Let me return to a consideration of the powers that are being sought in the recommendations of the committee. The AttorneyGeneral says that these powers are unnecessary, that we can do this in other ways, that we can confer with the States. Restrictive trade practices, monopolies, uniform company law, interest rates, hire purchase - the Attorney-General does not want the Parliament to have the power to deal with these matters, so he intends to obstruct and delay. He has had the committee's report for eighteen months. If the Government had intended to do anything and if it had wanted a full discussion on the recommendations, it would have acted long ago. The committee sat for 89 days. It went to every State. The Attorney-General said that the States were not consulted, but every Premier and every leader of a State opposition party was invited to come before the committee and state his views. Public organizations of various types sent their representatives. Individuals came before the committee and gave their evidence. Is all this great effort merely to result in a report that is to be left in a pigeon-hole without any action being taken by the Government?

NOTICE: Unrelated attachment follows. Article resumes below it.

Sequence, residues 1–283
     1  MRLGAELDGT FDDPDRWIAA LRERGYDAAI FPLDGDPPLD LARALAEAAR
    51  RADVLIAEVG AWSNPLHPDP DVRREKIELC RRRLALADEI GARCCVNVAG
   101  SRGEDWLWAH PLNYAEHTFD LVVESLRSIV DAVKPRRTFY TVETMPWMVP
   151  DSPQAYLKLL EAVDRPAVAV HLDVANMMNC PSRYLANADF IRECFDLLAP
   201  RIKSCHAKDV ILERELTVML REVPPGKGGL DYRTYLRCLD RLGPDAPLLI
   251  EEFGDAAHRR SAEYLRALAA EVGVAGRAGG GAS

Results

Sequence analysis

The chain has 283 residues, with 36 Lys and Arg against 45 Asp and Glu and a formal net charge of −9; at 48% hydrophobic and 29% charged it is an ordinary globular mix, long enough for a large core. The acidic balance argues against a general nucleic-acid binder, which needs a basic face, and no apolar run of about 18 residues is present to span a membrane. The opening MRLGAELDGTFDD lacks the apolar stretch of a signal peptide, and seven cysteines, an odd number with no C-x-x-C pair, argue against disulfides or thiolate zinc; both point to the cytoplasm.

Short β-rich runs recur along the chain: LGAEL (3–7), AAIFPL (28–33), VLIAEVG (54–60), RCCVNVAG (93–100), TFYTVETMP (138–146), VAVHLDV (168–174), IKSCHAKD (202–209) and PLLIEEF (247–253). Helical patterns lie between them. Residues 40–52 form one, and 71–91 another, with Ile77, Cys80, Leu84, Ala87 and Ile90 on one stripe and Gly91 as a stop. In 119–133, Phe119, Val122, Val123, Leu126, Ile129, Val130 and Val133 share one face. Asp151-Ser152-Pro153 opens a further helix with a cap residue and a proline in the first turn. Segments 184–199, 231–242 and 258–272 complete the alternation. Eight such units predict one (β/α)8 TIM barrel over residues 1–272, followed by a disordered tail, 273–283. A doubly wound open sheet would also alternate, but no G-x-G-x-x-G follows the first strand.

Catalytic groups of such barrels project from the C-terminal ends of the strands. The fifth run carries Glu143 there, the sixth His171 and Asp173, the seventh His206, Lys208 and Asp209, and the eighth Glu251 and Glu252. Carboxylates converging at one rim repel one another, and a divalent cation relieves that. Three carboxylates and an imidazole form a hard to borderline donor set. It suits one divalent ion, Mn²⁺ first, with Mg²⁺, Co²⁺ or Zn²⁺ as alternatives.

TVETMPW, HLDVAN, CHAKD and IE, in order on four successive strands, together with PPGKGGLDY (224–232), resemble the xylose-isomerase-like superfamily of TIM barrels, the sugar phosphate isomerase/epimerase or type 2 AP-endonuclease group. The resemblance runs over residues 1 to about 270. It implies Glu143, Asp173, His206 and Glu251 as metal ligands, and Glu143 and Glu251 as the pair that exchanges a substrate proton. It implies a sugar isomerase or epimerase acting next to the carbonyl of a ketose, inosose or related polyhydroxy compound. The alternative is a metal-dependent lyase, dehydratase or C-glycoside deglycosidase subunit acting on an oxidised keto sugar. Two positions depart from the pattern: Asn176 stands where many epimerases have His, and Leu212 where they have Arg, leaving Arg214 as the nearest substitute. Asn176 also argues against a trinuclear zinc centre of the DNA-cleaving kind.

The Attorney-General spoke about the expense of holding a referendum on the recommendations. But what about the expense of this worthless committee, as it will turn out to be if nothing is done about its recommendations? If the expense is calculated, it will be found that the cost involved in the loss of time of members of the committee, the loss of time of those who appeared before it and the work of collecting the evidence would be much greater than the infinitesimal cost of holding a referendum on these proposals. In any event, are we to accept the decision of the Attorney-General- on the recommenda-tions? This was a committee set up by the Government and on it the Government had. equal representation with the Opposition. All that the Australian Labour Party asks for, as a democratic party, is that these matters be submitted to the people for their decision and that, whatever their decision may be, we will accept it.